Post Tagged with: "Hilton Head-Bluffton Chamber of Commerce"

Public Monies, Chambers of Commerce and South Carolina Supreme Court

February 5, 2018 8:03 AM
Public Monies, Chambers of Commerce and South Carolina Supreme Court

It has been nearly four months since the South Carolina Supreme Court heard arguments in the DomainsNewMedia.com v Hilton Head – Bluffton Chamber of Commerce.

The question before the court deals with whether the Chamber of Commerce is a public body and subject to the provisions of the S. C. Freedom of Information Act.

The Myrtle Beach Area Chamber of Commerce (MBACC) filed an amicus curiae brief to the S. C. Supreme Court supporting the Hilton Head – Bluffton Chamber of Commerce position.

A Circuit Court judge in Bluffton County ruled in favor of Plaintiff DomainsNewMedia.com finding the Chamber is a public body within the definition of the law.

Actually, the law is quite straightforward. Section 30-4-20 of the S. C. Code of Laws defines a public body subject to the Freedom of Information Act as, “…any organization, corporation, or agency supported in whole or in part by public funds or expending public funds…”

The Hilton Head – Bluffton Chamber of Commerce receives accommodations tax money from the towns of Hilton Head and Bluffton as well as Beaufort County. The Chamber is the designated marketing organization for these governmental entities to expend the tax funds collected for tourism promotion.

The Chamber claimed before the Court that being the designated marketing organization for those public agencies did not negate its status as a private non-profit corporation not subject to FOIA.

The Chamber does provide a marketing budget and quarterly and year end reports for the public money to the governments involved.

In answer to a question from Justice Few about how a member of the public could find out specific information about the line items in the Chamber’s budget, the attorney for the Chamber suggested they would have to file a FOIA request with the town, who would then go to the Chamber for the specific information.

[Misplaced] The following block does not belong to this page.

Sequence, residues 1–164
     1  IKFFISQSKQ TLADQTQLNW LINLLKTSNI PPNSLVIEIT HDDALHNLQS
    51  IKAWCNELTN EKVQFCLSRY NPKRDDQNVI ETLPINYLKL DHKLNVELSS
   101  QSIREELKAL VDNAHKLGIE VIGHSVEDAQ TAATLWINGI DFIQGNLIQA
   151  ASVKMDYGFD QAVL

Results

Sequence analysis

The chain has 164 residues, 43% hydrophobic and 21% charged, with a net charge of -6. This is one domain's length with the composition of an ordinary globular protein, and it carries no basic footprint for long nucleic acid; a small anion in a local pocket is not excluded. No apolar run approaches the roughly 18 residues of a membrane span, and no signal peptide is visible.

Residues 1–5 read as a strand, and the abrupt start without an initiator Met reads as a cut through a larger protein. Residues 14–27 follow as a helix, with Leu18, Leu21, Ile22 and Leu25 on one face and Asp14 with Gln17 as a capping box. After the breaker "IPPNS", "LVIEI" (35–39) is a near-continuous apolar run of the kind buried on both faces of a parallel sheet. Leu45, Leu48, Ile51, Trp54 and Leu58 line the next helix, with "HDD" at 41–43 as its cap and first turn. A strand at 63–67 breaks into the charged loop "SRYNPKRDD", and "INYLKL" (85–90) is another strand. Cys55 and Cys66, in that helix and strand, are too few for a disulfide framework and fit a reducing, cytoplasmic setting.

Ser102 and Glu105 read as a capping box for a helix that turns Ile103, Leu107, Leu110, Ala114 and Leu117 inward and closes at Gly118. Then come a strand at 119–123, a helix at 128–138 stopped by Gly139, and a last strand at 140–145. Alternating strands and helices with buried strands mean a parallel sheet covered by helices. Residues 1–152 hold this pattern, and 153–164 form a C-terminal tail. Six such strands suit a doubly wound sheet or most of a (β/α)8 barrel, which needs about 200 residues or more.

The argument was not that the public did not have a right to the information, it just didn’t have the right to request the information directly from the agency expending the funds, which is ridiculous.

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Beaufort County Court Decision Could Impact MBACC

March 3, 2016 9:08 AM
Beaufort County Court Decision Could Impact MBACC

A recent court decision in Beaufort County could have an interesting impact in Myrtle Beach.

Circuit Court Judge Michael Nettles ruled the Hilton Head-Bluffton Chamber of Commerce must allow public access to information regarding how the chamber spends public funds under the provisions of the South Carolina Freedom of Information Law.

Hilton Head businessman Skip Hoagland brought a lawsuit for access to the chamber’s records of how public funds are spent. At issue were the accommodations tax monies that the chamber receives from the towns of Hilton Head and Bluffton as well as Beaufort County and grant money from the SC Department of Parks, Recreation and Tourism.

The Hilton Head-Bluffton Chamber of Commerce argued its records were not subject to FOIA requests since it is a private, non-profit organization.

In his ruling, Nettles noted the SC Freedom of Information Law defines, “any organization, corporation or agency supported in whole or in part by public funds or expending public funds,” as a public body.

Nettles also noted that while the chamber provides a budget and accounting summary of how those funds are spent, neither provides specific information on, for example, vendors used.

The MBACC receives approximately $5 million per year from City of Myrtle Beach accommodations tax collections and approximately $22 million per year from the city’s one-cent tourism sales tax. In addition, the MBACC receives approximately $6 million from Horry County accommodations tax collections and approximately $5 million or more annually from SC Department of Parks, Recreation and Tourism grants.

The MBACC uses those funds for “out-of-area” tourism marketing. Through the years, the MBACC has been criticized by non-members for giving preferential treatment in its marketing efforts to chamber members even though public funds are being used to fund them.

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